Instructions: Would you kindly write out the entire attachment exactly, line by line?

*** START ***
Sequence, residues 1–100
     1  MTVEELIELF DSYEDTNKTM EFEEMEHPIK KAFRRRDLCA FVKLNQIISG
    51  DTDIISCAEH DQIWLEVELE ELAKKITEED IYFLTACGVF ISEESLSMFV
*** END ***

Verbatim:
Sequence, residues 1–100
     1  MTVEELIELF DSYEDTNKTM EFEEMEHPIK KAFRRRDLCA FVKLNQIISG
    51  DTDIISCAEH DQIWLEVELE ELAKKITEED IYFLTACGVF ISEESLSMFV